Adding a new service


You can take advantage of the pluggable architecture of this library by choosing different implementations for services, and/or adding new service roles altogether. A service is just a Javascript class that inherits from either PublicService, PrivateService, or LocalService, and contains public method(s).

It can depend on other services through our built-in dependency injection framework, and can also be configured through the Maker config file / config options.

Steps to add a new service

The information below is written for developers who want to add to dai.js, but you can also add services through the use of plugins.

Here are the steps to add a new service called ExampleService:

(1) In the src directory, create an ExampleService.js file in one of the subdirectories.

(2) In src/config/DefaultServiceProvider.js, import ExampleService.js and add it to the _services array

(3) Create a class called ExampleService in ExampleService.js

(4) The service must extend one of:

  • PrivateService - requires both a network connection and authentication

  • PublicService - requires just a network connection

  • LocalService - requires neither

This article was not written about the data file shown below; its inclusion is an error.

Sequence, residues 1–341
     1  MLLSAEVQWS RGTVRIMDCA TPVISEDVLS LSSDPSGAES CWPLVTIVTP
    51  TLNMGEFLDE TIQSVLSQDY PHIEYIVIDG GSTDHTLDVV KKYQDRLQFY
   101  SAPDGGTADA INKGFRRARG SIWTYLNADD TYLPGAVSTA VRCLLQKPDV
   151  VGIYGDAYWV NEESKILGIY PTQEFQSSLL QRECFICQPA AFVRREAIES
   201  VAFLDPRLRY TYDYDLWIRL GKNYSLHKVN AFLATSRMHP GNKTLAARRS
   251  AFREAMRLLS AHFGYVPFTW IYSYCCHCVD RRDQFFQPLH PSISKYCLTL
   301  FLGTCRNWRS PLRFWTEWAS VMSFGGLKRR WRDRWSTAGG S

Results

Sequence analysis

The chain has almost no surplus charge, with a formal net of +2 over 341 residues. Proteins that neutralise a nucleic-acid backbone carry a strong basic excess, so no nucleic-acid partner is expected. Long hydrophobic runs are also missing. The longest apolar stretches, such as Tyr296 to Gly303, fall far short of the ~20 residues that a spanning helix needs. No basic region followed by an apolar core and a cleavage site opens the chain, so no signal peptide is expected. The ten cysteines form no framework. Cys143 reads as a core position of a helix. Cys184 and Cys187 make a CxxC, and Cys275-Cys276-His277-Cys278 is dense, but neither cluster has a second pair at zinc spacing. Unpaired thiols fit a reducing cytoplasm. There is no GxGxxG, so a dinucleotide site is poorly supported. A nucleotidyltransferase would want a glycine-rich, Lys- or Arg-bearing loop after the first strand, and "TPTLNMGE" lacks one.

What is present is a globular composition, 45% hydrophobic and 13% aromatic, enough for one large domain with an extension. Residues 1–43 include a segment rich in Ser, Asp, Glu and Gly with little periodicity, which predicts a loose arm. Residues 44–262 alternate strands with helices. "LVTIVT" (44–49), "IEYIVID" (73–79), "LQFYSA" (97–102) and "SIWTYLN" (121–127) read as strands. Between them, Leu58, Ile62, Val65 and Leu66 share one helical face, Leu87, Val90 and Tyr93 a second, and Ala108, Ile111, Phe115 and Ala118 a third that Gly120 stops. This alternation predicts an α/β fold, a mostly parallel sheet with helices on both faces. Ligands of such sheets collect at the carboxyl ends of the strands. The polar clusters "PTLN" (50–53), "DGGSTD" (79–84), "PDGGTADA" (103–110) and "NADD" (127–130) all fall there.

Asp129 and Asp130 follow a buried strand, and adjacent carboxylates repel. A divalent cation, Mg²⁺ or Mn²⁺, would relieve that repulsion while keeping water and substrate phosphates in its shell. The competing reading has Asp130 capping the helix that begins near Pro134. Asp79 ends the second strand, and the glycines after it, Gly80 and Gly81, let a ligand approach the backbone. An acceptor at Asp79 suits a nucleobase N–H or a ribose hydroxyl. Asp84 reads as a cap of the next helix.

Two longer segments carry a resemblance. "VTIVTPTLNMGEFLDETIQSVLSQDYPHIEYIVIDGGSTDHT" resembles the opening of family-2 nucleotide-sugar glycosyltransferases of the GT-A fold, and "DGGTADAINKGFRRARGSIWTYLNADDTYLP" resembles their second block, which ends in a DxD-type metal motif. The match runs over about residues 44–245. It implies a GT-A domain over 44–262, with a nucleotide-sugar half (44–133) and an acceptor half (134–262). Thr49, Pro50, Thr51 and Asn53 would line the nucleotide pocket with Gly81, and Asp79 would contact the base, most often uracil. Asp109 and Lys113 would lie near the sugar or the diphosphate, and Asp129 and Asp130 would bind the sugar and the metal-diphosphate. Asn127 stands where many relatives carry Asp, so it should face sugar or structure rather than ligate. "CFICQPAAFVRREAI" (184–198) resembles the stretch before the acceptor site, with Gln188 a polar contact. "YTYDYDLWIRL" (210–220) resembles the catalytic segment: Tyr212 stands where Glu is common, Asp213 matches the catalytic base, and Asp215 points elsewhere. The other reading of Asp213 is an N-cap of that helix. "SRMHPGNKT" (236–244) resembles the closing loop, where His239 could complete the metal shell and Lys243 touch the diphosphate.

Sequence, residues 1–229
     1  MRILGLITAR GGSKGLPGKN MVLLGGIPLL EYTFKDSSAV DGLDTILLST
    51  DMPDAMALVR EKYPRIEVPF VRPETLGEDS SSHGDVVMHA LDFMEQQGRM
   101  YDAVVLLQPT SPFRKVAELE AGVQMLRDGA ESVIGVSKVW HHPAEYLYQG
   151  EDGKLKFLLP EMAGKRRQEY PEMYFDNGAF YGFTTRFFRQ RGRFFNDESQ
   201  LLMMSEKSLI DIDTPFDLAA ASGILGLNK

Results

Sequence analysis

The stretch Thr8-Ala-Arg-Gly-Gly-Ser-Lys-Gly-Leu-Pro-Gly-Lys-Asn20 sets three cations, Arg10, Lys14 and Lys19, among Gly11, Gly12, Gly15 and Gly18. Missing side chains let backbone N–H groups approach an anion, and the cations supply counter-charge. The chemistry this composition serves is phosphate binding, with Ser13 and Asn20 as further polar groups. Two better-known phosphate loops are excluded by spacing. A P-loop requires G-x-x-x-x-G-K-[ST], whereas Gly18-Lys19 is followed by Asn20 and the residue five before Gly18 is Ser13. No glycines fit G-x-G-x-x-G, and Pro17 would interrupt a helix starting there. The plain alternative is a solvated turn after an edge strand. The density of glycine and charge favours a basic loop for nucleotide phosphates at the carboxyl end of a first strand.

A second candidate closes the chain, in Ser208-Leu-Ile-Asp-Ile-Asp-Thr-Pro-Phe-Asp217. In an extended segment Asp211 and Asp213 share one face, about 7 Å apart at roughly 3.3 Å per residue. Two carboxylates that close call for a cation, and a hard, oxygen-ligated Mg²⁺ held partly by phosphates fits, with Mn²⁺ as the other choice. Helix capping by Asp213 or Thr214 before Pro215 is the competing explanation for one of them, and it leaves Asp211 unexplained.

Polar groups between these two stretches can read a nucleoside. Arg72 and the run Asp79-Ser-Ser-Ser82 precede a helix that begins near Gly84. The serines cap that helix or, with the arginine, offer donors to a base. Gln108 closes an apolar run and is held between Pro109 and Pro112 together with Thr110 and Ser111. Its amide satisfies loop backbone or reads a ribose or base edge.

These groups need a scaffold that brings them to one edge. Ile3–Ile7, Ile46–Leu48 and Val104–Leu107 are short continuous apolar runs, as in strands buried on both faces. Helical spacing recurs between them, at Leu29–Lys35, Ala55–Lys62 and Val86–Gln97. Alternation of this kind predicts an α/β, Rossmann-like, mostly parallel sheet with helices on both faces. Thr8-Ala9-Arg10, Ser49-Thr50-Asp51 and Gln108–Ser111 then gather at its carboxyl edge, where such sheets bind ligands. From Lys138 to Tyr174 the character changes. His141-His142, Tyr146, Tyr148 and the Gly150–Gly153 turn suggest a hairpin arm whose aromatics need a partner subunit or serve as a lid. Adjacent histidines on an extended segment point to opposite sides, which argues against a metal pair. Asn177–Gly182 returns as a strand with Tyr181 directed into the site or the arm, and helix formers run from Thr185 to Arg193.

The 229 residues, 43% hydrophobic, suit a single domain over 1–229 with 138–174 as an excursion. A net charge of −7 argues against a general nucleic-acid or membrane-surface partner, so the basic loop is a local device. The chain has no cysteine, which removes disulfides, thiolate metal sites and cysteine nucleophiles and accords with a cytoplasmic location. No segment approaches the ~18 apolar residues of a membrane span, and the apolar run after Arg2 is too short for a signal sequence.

See the Service Lifecycle section below for more info

(5) In the constructor, call the parent class's constructor with the following arguments:

  • The name of the service. This is how the service can be referenced by other services

  • An array of the names of services to depend on

(6) Add the necessary public methods

//example code in ExampleService.js for steps 3-6
import PublicService from '../core/PublicService';

export default class ExampleService extends PublicService {
    constructor (name='example') {
        super(name, ['log']);


(7) If your service will be used to replace a default service (the full list of default service roles can be found in src/config/ConfigFactory), then skip this step. Otherwise, you'll need to add your new service role (e.g. "example") to the ServiceRoles array in src/config/ConfigFactory.

(8) Create a corresponding ExampleService.spec.js file in the test directory. Write a test in the test file that creates a Maker object using your service.

//example code in ExampleService.spec.js for step 8
import Maker from '../../src/index';

//step 8: a new service role ('example') is used
test('test 1', async () => {
  const maker = await Maker.create('http', {example: "ExampleService"});
  const exampleService = customMaker.service('example');
  exampleService.test(); //logs "test"

//step 8: a custom service replaces a default service (Web3)
test('test 2', async () => {
  const maker = await Maker.create('http', {web3: "MyCustomWeb3Service"});
  const mycustomWeb3Service = maker.service('web3');

(9) (Optional) Implement the relevant service lifecycle functions (initialize(), connect(), and authenticate()). See the Service Lifecycle section below for more info

(10) (Optional) Allow for configuration. Service-specific settings can be passed into a service by the Maker config file or config options. These service-specific settings can then be accessed from inside a service as the parameter passed into the initialize function (see the Service Lifecycle section below)

//step 10: in ExampleService.spec.js